Who’s “All” Are We Talking About?

This past summer, Anne-Marie Slaughter wrote a widely- read piece for The Atlantic Magazine entitled Why Women Still Can't Have It AllThe gist: It’s time to question the old adage that women can have it all (i.e., the career and the family life); those that do manage it all are “super women, rich, or self-employed,” and if having it all is ever going to be more accessible, certain shifts in the work place must occur such as integrating technology, reemphasizing family values, redefining the successful career track and reprioritizing happiness as a goal. 

Was this article provocative? Yes.  Did it draw attention to a work system that favors points of privilege as a necessary means to climb the corporate ladder and burst through ceilings?  Of course.  Indeed, Slaughter showcases how career-focused societal norms within the United States is in direct odds with most women’s lived experiences while shining a spotlight on why it’s flawed to push the notion that if we just work hard enough, we’ll get the career and the kid and the “partner.” 

You might be wondering why I put partner in quotes.  Had Slaughter discussed any partnership outside of hetero scripts, I wouldn’t have felt as though she was merely paying lip service to the word.  Indeed, traditional family structures and partnerships, often couched in the context of marriage, were the only “partnerships” Slaughter really exemplified.  This, I consider, the proverbial tip of the problematic iceberg.

While, I think that Slaughter intended to question and problematize blaming women who do not, cannot or chose not to place career before family (I applaud Slaughter for this), I found Slaughter’s stance to stigmatize women-identified individuals who want to prioritize work, who chose not to or don’t want to have a family and who might not find motherhood or partnership status the zenith of satisfaction.  Slaughter presupposes that all women define “having it all” in the same manner.  The aftermath?: reinforcing the notion that “true womanhood” is defined by domestic markers and a heaping spoonful of guilt for those that fail to or chose not to abide. Slaughter warns that if we fail to live a “balanced life” (defined as that which incorporates a nuclear family and career aspirations), we might end up as “the angry woman on the other side of a mahogany desk who questions her staff’s work ethic after standard 12-hour workdays, before heading home to eat moo shoo pork in her lonely apartment.”  I was shocked to learn that this fictitious apartment wasn't crawling with cats, since we’re obviously relying on stereotypes.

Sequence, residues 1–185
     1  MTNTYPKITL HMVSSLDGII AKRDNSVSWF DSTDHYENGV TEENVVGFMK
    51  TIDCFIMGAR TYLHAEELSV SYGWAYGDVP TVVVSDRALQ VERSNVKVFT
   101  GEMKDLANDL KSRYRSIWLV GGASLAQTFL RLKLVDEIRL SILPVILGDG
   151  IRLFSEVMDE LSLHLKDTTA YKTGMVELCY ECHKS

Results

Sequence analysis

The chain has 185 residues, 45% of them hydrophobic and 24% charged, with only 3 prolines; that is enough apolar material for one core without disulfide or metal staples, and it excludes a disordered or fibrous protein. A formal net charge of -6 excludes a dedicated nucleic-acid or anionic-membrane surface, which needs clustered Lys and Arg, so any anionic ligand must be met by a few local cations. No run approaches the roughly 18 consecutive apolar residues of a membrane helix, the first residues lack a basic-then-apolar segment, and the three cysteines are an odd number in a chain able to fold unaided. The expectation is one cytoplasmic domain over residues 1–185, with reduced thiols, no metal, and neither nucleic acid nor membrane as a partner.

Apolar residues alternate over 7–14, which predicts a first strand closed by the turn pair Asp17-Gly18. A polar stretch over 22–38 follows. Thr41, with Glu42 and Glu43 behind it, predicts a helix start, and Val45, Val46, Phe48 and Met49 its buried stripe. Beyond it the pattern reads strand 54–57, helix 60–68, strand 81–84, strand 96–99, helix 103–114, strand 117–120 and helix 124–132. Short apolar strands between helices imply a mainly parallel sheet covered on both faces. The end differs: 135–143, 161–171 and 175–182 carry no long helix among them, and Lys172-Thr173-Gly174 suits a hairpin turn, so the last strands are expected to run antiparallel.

Sarcasm aside, Slaughter managed to essentialize woman gender identification by promulgating the Environmental Protection Agency’s Lisa Jackson’s message: ‘“to be a strong woman, you don’t have to give up on the things that define you as a woman. . . . Empowering yourself, doesn’t have to mean rejecting motherhood, or eliminating the nurturing or feminine aspects of who you are.”  I certainly agree with the last portion of this statement.  Abstaining from motherhood is certainly not necessary, but the opposite is equally as true: Engaging in motherhood, or emphasizing family life is not a critical component of identifying as a woman.  Slaughter only furthers the essentialized notion of woman gender identification by suggesting that women tend to become more distraught than men when faced with family obligations that conflict with work obligations.

Slaughter successfully addressed a flawed working society where women are disadvantaged as well as drew some attention to the intersection of power, career advancement and socioeconomic status.  These points, despite being timely and appropriate, may not make up for the fact that Slaughter reinforced a broad heteronormative script to all women by purporting that we all want the same things.  

By Jessica A. Joseph, MA

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